A few years ago, Iacopo Cioffi, a professor in the Faculty of Dentistry, wanted to find out whether a new type of orthodontic material could reduce the initial pain experienced by most patients with braces. His study, which included brief psychological assessments of patients, revealed something interesting: some people who scored higher for anxiety traits also reported greater pain intensity, no matter which type of orthodontic material was being used.
This accidental finding prompted Cioffi to look into how psychological traits affect patients’ pain perception following orthodontic procedures. In a study published this year, he compares the pain perceptions of people who report feeling generally nervous with those who feel generally secure and calm, after having elastic separators placed between their teeth for five days. The patients with high anxiety traits reported significantly greater discomfort and almost twice as much pain as those with low levels of anxiety.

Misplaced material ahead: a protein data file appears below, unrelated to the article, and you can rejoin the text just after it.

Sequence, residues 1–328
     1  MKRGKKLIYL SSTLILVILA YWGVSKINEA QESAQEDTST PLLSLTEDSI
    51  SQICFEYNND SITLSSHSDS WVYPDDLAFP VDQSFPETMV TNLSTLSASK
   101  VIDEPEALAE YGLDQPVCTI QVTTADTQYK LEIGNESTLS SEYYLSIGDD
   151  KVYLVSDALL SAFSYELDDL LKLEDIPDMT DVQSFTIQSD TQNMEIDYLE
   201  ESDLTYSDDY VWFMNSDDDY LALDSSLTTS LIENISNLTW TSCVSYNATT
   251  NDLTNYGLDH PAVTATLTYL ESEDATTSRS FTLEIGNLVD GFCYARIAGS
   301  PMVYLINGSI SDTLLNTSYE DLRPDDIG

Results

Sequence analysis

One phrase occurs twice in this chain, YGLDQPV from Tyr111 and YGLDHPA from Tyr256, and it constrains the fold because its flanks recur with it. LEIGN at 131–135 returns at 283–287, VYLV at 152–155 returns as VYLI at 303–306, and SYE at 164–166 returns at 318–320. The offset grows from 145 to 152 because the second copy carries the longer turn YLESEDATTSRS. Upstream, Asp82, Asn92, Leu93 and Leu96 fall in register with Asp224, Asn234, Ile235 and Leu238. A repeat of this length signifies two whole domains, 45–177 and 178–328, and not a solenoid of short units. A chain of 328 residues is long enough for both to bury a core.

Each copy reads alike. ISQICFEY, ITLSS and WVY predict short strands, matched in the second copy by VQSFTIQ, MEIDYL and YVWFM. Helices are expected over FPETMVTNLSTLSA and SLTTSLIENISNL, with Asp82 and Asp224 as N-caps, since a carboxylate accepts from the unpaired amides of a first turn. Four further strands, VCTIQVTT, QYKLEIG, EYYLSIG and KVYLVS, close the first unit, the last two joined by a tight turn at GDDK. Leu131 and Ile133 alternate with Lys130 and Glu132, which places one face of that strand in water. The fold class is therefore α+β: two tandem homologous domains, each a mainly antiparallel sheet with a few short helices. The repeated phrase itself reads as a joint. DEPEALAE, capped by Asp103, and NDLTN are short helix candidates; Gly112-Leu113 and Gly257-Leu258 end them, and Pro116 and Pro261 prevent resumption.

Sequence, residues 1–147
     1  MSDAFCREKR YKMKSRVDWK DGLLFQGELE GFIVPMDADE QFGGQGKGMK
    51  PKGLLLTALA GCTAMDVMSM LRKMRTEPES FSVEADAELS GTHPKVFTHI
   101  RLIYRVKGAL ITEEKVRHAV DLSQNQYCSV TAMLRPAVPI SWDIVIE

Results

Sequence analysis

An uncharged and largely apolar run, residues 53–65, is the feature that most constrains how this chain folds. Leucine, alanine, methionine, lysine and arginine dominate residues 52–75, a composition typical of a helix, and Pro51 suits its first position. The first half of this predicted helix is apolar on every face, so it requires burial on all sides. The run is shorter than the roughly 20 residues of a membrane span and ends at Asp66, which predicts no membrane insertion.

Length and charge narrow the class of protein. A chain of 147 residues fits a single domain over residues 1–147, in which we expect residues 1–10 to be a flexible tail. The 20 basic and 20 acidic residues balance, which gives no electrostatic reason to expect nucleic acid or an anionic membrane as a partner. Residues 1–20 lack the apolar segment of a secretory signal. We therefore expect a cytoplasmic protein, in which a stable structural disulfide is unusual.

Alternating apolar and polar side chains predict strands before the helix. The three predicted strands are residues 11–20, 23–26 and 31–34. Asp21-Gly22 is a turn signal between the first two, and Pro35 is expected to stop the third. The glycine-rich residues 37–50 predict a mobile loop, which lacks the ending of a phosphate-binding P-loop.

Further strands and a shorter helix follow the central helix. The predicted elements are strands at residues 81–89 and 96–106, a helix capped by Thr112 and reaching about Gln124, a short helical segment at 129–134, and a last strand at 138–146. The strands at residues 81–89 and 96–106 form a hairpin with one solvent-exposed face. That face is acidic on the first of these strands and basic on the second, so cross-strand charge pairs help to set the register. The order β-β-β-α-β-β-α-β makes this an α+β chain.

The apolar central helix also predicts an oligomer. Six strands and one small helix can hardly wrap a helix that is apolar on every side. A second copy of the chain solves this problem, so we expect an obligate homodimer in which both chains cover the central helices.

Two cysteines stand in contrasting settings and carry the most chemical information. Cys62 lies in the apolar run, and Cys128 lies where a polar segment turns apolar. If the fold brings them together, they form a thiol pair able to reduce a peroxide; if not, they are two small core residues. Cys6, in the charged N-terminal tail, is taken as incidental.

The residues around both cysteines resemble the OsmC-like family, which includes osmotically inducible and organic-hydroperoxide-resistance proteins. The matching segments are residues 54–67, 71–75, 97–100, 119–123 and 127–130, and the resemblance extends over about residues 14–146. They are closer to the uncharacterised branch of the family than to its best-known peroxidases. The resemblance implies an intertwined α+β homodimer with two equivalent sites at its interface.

As a researcher and practicing orthodontist, Cioffi believes clinicians should take psychological traits into account when planning and performing dental work. Treatment success depends not only on the clinician’s skill but also on patient compliance, which is compromised when pain is experienced. Cioffi recommends that an anxiety questionnaire such as the State-Trait Anxiety Inventory be used during an initial consultation to “yellow flag” anxious patients. The clinician can then use this information to help guide the approach to treatment – for example, choosing a less complex procedure to minimize pain risks and make compliance easier. “You need to tailor treatment to psychological traits to do the best for your patient,” says Cioffi.
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